# Axes-based equations of conics

Every parabola can be represented in the general form $$\text{Axis}^2= \text{LR} \cdot (\text{Tangent})$$ where the tangent is at the vertex and LR is the latus rectum.

1. How is this derived?
2. Are there similar expressions for ellipses and hyperbolas using the axes? If so, how are they derived?

Update: It seems that replacing $$x$$ and $$y$$ in their standard equations with the distance from each axis gives the general equation, but I can't derive these. Can somebody help out?

• "How is this derived?" To answer this, one should know what starting point you have in mind. Jun 23 at 16:36
• You might want to be more specific of how to read that equation. My initial interpretation was along the lines of math.stackexchange.com/q/3135947/35416 but reading the answer there told me you're probably taking about distances not polynomials for axis and tangent.
– MvG
Jun 23 at 18:17
• @MvG: no, it's the equations that I meant, not the distances. Jun 24 at 1:20
• @Intelligentipauca: I would guess the basic definition of the conic with a focus and directrix. Jun 24 at 1:22
• With focus $(f_1,f_2)$ and directrix $ax+by+c=0$ the definition of the parabola translates to $$(x-f_1)^2+(y-f_2)^2-(ax+by+c)^2/(a^2+b^2))=0.$$ You want the form $$\frac{(ay-bx-af_2+bf_1)^2}{a^2+b^2}-(2\frac{bf_2+af_1+c}{\sqrt{a^2+b^2}})\frac{(ax+by-\frac{bf_2+af_1-c}{2})}{\sqrt{a^2+b^2}}=0$$ which can be proved is the same by expanding both forms and comparing. Aug 3 at 7:58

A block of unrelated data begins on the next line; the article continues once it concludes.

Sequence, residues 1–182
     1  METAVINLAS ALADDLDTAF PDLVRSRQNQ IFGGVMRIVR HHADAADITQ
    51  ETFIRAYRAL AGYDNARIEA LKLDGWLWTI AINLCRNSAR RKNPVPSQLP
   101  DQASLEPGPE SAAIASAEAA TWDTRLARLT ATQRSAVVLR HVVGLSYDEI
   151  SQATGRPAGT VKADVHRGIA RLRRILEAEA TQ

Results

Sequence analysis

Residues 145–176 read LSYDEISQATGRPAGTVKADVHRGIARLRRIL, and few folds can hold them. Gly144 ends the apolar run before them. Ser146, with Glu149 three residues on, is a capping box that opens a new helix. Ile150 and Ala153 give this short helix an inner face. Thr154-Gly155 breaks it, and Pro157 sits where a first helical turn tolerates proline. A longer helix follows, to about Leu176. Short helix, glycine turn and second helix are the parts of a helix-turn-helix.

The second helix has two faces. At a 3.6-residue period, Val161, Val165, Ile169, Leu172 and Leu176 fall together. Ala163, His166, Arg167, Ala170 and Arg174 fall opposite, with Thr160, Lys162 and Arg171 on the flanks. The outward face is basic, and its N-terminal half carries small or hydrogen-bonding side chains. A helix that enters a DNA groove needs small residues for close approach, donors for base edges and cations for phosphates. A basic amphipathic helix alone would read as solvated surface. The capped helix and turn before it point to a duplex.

Suppose point $$P$$ on a parabola with focus $$F$$ and latus rectum $$4r$$ has distance $$p$$ from the axis and distance $$q$$ from the vertex-tangent. Then $$\overline{PF}$$ is the hypotenuse of a right triangle with legs $$p$$ and $$|q-r|$$; also, $$P$$ is at distance $$q+r$$ from the directrix. These distances are equal for a parabola, so we can equate their squares:

$$p^2+|q-r|^2 = (q+r)^2 \qquad\to\qquad p^2=4r\cdot q \tag{1}$$

Now, we simply observe that the (signed) distance from a point $$(x,y)$$ to a line with equation $$ax+by+c=0$$ is given by the normalized form of the equations left-hand side; ie, $$\text{distance to line} = \frac{ax+by+c}{\sqrt{a^2+b^2}} \tag{2}$$ so we can write $$(1)$$ as $$(\text{normalized eqn of axis})^2 = (\text{length of latus rectum})\cdot(\text{normalized eqn of vertex-tangent}) \tag{1'}$$ as desired. $$\square$$

Importantly, the equation of a line has a sign ambiguity (eg, $$1x+2y-3=0$$ represents the same line as $$-1x-2y+3=0$$). In the context of $$(1')$$, the ambiguity with the axis equation is rendered irrelevant because of squaring; however, the ambiguity with the vertex-tangent equation corresponds to the parabola opens. That is to say: a given parabola requires an unambiguous vertex-tangent equation; namely, $$Ax+By+C=0$$ where normal vector $$(A,B)$$ points in the direction that the parabola opens.